Billions of dollars meant for the fighting of the war against insurgency in the North East were allegedly diverted by the former NSA, Col. Sambo Dasuki to support the PDP candidates in Ekiti and Osun State. Former Minister of State for Defence, Musiliu Obanikoro was fingered to be the arrowhead who distributed this slush fund. News report has it that Obanikoro informed EFFC last week that ONSA transferred the sum of N4.685bn to Sylva McNamara Limited (a company allegedly linked to the ex-Minister). He allegedly told EFCC interrogators that N3.880bn of the N4.685bn was allocated to Governor Ayodele Fayose of Ekiti State and Senator Iyiola Omisore. He also said he handed over $5.377m (about N60m then) cash to Fayose at Spotless Hotel, Ado-Ekiti in the presence of the former Secretary of the People’s Democratic Party in the state, Dr. Tope Aluko and other party stalwarts.
In the build up to the 2015 general elections huge sums of money was also reportedly funneled through the ONSA to PDP chieftains in order to ensure victory for the party. Among those who benefited from the largesse were even opposition party leaders and officials of the Independent National Electoral Commission. Apart from ONSA, another centre of distribution of slush fund for the election was the immediate past Petroleum Resources minister, Diezani Alison-Madueke. A whopping $115m was reportedly distributed to some INEC officials and politicians ahead of the elections. The crime was allegedly perpetrated in cahoots with some bank executives.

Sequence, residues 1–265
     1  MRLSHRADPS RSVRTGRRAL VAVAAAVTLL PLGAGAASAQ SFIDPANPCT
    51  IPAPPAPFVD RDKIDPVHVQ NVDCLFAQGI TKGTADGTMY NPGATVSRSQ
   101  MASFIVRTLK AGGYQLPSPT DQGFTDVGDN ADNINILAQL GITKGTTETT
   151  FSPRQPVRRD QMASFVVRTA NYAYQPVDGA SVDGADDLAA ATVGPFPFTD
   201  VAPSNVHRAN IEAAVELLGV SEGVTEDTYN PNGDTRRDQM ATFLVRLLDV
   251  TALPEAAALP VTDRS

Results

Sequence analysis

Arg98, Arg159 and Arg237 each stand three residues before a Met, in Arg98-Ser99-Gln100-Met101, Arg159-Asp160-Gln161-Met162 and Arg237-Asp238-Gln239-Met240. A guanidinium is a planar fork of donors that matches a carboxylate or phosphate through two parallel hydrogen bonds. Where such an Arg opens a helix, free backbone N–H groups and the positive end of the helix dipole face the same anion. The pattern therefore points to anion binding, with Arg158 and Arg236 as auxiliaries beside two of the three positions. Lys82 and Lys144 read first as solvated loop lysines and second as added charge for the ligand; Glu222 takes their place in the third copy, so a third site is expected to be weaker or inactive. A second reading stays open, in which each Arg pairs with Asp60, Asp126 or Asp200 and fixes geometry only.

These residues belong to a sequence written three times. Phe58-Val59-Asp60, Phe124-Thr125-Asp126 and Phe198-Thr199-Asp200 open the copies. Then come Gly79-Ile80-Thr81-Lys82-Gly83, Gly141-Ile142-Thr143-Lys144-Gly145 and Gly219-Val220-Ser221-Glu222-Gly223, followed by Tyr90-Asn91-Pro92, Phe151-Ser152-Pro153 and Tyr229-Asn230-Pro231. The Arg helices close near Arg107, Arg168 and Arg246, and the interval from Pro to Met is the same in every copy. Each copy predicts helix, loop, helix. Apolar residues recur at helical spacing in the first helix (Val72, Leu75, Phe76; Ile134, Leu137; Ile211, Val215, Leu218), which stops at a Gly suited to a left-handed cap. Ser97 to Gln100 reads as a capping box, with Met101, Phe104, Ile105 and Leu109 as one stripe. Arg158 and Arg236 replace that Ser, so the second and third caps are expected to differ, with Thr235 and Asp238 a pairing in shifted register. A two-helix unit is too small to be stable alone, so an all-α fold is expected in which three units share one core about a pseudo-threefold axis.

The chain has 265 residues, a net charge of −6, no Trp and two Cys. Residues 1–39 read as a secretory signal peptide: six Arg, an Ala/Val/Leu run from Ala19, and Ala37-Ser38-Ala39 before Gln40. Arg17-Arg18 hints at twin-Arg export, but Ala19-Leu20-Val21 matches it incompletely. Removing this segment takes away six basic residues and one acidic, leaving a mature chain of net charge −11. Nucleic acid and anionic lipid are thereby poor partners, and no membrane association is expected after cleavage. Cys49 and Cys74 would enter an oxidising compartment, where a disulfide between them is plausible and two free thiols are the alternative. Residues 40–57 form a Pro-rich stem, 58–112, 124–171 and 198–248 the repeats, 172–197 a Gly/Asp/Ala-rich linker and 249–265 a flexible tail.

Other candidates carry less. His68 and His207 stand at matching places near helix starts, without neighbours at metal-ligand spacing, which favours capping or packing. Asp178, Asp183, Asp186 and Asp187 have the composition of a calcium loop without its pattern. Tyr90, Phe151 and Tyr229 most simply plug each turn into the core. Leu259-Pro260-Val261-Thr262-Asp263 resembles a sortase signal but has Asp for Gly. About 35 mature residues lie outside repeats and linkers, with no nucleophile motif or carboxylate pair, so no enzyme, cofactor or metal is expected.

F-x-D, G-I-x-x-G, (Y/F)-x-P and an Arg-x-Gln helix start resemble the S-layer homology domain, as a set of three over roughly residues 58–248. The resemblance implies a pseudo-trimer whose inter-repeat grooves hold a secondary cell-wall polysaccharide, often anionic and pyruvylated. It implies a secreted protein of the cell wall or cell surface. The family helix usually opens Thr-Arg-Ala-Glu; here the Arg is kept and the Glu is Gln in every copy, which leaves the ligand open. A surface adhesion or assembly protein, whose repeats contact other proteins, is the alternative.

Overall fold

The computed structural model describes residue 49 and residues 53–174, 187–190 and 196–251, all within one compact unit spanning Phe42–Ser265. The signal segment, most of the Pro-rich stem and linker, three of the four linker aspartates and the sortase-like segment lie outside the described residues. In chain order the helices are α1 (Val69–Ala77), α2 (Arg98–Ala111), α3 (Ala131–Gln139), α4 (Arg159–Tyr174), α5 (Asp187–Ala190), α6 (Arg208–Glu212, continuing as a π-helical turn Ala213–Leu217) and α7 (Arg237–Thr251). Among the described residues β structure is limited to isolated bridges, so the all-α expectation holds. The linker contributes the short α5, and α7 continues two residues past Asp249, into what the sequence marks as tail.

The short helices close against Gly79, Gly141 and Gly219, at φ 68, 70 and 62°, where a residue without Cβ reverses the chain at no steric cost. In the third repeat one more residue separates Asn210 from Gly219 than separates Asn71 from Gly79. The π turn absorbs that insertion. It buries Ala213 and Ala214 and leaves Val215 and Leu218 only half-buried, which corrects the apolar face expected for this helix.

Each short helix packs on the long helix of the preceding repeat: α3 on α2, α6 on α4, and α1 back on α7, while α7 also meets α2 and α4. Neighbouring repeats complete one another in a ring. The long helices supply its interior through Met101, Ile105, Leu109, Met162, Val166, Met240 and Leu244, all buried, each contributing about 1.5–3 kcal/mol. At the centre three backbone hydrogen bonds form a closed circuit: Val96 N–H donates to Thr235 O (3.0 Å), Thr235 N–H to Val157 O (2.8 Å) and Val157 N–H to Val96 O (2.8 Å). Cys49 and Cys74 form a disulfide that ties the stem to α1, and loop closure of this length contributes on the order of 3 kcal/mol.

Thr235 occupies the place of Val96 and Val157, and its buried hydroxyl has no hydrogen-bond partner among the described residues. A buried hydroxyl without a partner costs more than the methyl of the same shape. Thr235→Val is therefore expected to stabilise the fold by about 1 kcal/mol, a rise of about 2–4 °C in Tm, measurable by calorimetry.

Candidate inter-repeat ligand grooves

Even the accredited observer groups were not left out in the desperate rat-race of Nigerian politicians bid to win at all cost. According to an April 30, 2016 news story in The Nation, the Transition Monitoring Group said that agents of the former President Goodluck Jonathan administration offered it a bribe of N2bn for the purpose of compromising the outcome of the 2015 elections. The bribe offer allegedly came by way of what the immediate past TMG chairman, Comrade Ibrahim Zikirullahi, branded as a dubious proposal. He was quoted to have said that: ”Specifically, some errand boys from the Presidency at the time came to us with a dubious proposal that 50,000 agents of the PDP be fielded as TMG observers”